* Officials tour West to rebuild confidence - source
* Development on The World to start in months - report
* Nakheel 2010 and 2011 bonds may be paid - FT
* Tiger Woods project goes ahead * Middle East lending at 5-year low -RLPC
For more stories on the Dubai crisis [ID:nGEE5AO2FN]
(Recasts, adds decline in Middle East lending)
By Rania Oteify
DUBAI, Dec 17 (Reuters) - Dubai scrambled to restore its reputation on Thursday, assuring investors that major property and leisure projects would go ahead and dispatching two top officials on a public relations drive to Washington.
Dubai raised fears of a second round to the global financial crisis on Nov. 25 when it asked for a standstill on $26 billion of debt linked to flagship conglomerate Dubai World [DBWLD.UL] and its property units Nakheel [NAKHD.UL] and Limitless.
This week, Dubai’s wealthier neighbour and fellow member of the United Arab Emirates, Abu Dhabi, lent it $10 billion to meet Dubai World’s obligations until the end of April and stave off a bond default by Nakheel, developer of its palm-shaped islands.
But confidence remains shaky, with syndicated lending in the Middle East at a five-year low, and bankers say Dubai companies will now need explicit government support to borrow abroad. [ID:nLDE5BG0MH]
In a bid to restore the reputation of the Gulf business hub famous for extravagant developments such as the world’s tallest building, the U.S. Treasury said two senior Dubai officials would meet Treasury Secretary Timothy Geithner later on Thursday to discuss the debt crisis. [ID:nWBT013421]
Sheikh Ahmed bin Saeed al-Maktoum, chairman of Dubai’s Supreme Fiscal Committee, and Mohammed al-Shaibani, chief executive of the Investment Corporation Dubai, also met officials in London on Wednesday, a government source said.
Abu Dhabi’s loan has alleviated immediate concerns, but banks remain uneasy about the billions of dollars they lent to fuel Dubai’s development boom on the assumption the emirate or the oil-rich federal government would back the debt.
“The headline risk remains, as Dubai World is still involved in a fluid process, so it is still key to proceed the dialogue with international investors,” said Ali Khan, managing director and head of brokerage at Arqaam Capital.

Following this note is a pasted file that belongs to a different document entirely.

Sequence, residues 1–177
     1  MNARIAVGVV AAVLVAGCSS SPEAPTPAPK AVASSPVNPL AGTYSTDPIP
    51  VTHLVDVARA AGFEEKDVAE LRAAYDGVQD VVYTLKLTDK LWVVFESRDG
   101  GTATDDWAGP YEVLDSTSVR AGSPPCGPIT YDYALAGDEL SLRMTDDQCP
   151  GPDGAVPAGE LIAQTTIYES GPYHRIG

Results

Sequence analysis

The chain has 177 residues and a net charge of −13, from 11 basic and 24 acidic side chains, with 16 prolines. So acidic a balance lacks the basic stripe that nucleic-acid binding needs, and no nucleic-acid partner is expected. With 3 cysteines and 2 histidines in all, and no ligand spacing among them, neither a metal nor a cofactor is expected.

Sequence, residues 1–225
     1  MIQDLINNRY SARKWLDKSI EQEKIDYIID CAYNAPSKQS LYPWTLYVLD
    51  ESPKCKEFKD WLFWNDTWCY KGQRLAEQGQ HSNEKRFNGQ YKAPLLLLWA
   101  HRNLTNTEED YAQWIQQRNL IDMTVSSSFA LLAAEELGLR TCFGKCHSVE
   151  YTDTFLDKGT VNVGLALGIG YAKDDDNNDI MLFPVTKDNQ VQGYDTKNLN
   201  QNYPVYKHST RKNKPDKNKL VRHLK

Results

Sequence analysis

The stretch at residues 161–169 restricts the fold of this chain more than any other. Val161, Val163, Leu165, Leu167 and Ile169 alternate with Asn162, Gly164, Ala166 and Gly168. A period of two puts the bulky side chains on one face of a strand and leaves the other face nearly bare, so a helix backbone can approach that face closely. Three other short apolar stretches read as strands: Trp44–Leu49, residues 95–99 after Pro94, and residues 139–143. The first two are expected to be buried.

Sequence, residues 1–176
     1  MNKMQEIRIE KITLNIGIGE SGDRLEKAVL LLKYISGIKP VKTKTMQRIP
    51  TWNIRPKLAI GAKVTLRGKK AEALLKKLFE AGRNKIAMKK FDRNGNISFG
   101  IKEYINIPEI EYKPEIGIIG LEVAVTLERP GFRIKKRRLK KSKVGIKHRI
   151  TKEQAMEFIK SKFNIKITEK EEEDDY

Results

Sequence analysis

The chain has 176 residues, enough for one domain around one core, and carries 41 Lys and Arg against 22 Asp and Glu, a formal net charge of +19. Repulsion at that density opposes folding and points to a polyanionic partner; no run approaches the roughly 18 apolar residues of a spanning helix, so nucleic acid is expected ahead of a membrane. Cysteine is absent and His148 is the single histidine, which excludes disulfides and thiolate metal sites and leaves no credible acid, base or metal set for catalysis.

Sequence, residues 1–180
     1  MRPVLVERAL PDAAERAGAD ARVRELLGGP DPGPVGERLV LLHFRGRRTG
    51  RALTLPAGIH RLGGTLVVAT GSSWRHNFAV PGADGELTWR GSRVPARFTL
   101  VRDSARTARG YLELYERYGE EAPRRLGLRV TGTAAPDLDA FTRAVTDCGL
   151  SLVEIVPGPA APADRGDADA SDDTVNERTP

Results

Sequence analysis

Dubai’s government may also repay outstanding 2010 and 2011 Islamic bonds issued by Nakheel and provide further funds to Dubai World, the Financial Times said. [ID:nLDE5BG012]
But some analysts said it needed to take concrete steps to improve transparency and communication after leaving investors in the dark about the fate of their money for three weeks.
“We really need to see more practical implementations: new regulations should be adopted ... decisions on legal issues and regulation should be cleared and up to international standards,” said Samer al-Jaouni, General Manager of Middle East Financial Brokerage Co.
Dubai’s developers said their projects would still go ahead.
Development on Nakheel’s The World islands, one of the assets it might look to sell to ease the debt crunch, is set to begin within months, a company spokeswoman said.
“Thirty-three islands have been handed over to developers in the past year, and since handover they have been working to obtain the necessary design and planning approvals, permits, and titles,” she said.
“We anticipate that several developers will be ready to start construction on their islands in the coming months.”
Meanwhile, Dubai Properties Group, a unit of Dubai Holding, which is owned by the emirate’s ruler, said it was committed to completing its Tiger Woods golf course, a rare piece of good news for the world’s top golfer, who has lost a number of his commercial backers since being caught up in a sex scandal. [ID:nLDE5BG0C5]
In the boom, Dubai lured wealthy visitors and courted the media with celebrity-endorsed projects and developments such as The World, a man-made archipelago in the shape of a world map.
But whereas neighbours funded growth with proceeds from soaring oil prices, Dubai borrowed to invest through a network of state-linked conglomerates that offered limited transparency.
Dubai World’s troubles have raised fears among investors that other government-linked firms could also face problems.
DELAY REAL ESTATE RECOVERY
Goldman Sachs said events in Dubai could delay the recovery of the UAE’s real estate sector, already hit hard by the global crisis, and put downward pressure on property prices and rentals. [ID:nLDE5BG1P1]
Data for the third quarter of 2009 suggested the UAE real estate sector was showing early signs of recovery, with prices and rentals beginning to stabilise.
“The extent of the impact on the sector will largely be a function of how the restructuring of Dubai World unfolds - which remains unclear at this stage,” the brokerage said.
Goldman said the real estate focus in the UAE was shifting to Abu Dhabi from Dubai.
Property prices in Dubai are down about 50 percent from their peaks last year and billions of dollars worth of projects have been put on hold or cancelled since the downturn began. (Writing by Andrew Callus and Lin Noueihed, editing by Will Waterman)